Luckily, on horseback, you have the horse’s neck to lean on when your whole upper body above your knees starts to spill up the neck, letting your lower leg slip backwards, placing you in that horrible “praying mantis” posture where your body lies along the topline of your horse! To fully complete the “faceplant” effect, be sure to throw your hands way up the horse’s neck and look down! Got it? I was very good at that, perhaps not to the extreme I see in some photos, but I was painfully adept at doing it wrong.
Only when I realized the correct body mechanics employed by the classically centered riders was I able to start repairing my flawed jumping position.
When Bernie Traurig asked me to do a video session for his training series on EquestrianCoach.com, my choice of topic was easy. I simply thought, “What would I have most wanted to know 50 years ago when I started jumping that nobody explained to me, and that I couldn’t figure out myself?” The answer was easy: “DON’T JUMP AHEAD OF THE HORSE.”
For the video, I broke the situation into three sections: what we do, why we do it and how to fix it. The what we do, I’ve already explained. So why do we do this bizarre lunge, when we should remain softly packaged above our horse’s center of gravity?
I think it’s highly instinctive for humans to lean forward when they want to go forward, because it’s what we do in almost every other sport. If we want to run faster, skate faster, bike faster, just about anything faster, we lean. Also, we’re told and told, “Don’t catch your horse in the mouth.” Again, we might lean to prevent this from happening.
Another “why” might be that we might use leaning or leaping forward as a driving aid. It feels as if it should be a driving aid. We’re coming toward a ditch, our horse slows down, and, in our eagerness to make him go, we go. We “push,” not with our real driving aids, our legs, but with our upper bodies instead, because, even though it doesn’t work, it’s so instinctive to lean forward when we want to go forward.
There is actually a little eventing joke that goes something like this, “When in doubt, lean forward, look down, and yell ‘JUMP!’ ” Doesn’t everybody?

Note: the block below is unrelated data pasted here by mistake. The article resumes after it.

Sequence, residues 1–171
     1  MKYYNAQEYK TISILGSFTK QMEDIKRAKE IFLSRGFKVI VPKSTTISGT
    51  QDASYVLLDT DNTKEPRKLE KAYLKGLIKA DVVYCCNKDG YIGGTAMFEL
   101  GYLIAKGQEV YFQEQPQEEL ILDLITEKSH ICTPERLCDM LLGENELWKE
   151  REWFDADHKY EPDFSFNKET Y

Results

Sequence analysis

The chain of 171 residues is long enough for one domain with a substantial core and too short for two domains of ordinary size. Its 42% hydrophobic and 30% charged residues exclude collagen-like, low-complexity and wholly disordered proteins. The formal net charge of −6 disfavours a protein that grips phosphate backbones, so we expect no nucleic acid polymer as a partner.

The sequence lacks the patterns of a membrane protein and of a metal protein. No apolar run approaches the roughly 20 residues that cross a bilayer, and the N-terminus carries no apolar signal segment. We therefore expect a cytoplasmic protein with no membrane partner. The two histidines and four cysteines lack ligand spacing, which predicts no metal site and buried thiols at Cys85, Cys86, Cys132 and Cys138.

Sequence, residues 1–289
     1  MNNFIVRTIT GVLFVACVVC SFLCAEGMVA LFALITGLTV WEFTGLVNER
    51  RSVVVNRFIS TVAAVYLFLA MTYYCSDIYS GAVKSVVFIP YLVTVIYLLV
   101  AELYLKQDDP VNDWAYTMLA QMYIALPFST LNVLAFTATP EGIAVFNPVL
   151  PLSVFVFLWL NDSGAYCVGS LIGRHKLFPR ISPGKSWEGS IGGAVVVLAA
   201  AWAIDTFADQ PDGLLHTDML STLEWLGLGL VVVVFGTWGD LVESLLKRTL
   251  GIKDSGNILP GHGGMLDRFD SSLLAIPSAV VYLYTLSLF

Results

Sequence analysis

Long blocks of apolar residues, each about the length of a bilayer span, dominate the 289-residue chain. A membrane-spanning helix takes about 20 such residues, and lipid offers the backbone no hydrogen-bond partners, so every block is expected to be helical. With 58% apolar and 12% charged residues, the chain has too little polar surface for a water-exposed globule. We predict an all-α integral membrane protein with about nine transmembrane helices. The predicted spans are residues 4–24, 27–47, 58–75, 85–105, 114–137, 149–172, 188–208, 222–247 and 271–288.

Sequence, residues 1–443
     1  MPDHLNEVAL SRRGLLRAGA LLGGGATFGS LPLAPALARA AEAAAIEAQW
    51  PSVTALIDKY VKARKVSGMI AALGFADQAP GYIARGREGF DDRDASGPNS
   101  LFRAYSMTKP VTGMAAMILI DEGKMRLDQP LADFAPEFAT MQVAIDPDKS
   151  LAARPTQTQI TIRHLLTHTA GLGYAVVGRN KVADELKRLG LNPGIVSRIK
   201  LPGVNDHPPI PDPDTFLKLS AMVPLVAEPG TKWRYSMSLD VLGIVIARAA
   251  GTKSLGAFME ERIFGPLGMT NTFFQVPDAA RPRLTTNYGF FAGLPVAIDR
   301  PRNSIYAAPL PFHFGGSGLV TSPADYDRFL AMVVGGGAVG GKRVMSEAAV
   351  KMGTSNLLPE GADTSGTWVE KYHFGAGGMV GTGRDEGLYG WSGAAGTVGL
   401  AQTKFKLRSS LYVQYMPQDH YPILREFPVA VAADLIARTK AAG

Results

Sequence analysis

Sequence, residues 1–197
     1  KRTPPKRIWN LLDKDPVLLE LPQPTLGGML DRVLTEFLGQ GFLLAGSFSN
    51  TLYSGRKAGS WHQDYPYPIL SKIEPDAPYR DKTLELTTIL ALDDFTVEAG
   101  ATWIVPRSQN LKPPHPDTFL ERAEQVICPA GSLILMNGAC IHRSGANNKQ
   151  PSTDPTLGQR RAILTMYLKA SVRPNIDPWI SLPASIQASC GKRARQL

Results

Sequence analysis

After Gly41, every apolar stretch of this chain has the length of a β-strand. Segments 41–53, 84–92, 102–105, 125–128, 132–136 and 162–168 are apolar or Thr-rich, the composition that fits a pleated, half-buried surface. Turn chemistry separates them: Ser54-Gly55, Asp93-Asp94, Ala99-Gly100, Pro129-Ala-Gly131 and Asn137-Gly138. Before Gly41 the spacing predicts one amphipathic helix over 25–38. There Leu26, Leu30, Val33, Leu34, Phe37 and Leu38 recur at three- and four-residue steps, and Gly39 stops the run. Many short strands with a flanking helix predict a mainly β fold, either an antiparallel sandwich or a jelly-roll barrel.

Of course when we do that, our real driving aid, our lower leg, swings back behind the point on the horse’s body where he can feel the driving aid, leaving us with no driving aid at all, except the stick, which is risky, because it means taking one hand off the reins. To compound matters, if our horse decides to quit at the jump, we’re already halfway over his head, so our chance to become a human lawn dart is exponentially increased. It’s truly a sad situation, but it’s terribly instinctive.
In eventing, jumping ahead of the motion also has the potential to be lethally dangerous. I read that in an Fédération Equestre Internationale study of fatal rotational falls, video evidence showed that in every single instance of one of those deadly somersaults, the rider’s shoulders went forward before her horse came up.
Fixing the problem means understanding how correct stirrup length allows our upper bodies to go forward as a byproduct of our hips going back, which also allows our legs to stay correctly underneath us. Then training and practice, practice, practice must overcome instinct. Major General Sid Shachnow, a friend here in Southern Pines, N.C., was formerly in command of all U.S. Special Forces. He told me that when soldiers are suddenly ambushed, their instinctive reaction is to turn and run, greatly lessening their chance of survival. Sid said that their best chance was to fire their weapons and to run directly toward their attackers.
I got the picture. If soldiers can be trained to run into live rifle fire, we riders can be trained not to jump up the neck. Training has to overcome instinct.
Denny Emerson rode on the 1974 World Championship gold-medal eventing team. He served as the U.S. Eventing Association president twice and won the USEA Wofford Cup for his lifetime dedication to eventing. At his Tamarack Hill Farm in South Strafford, Vt., and Southern Pines, N.C., he trains horses and riders and stands stallions. An original Between Rounds contributor, Emerson began writing his column in 1989.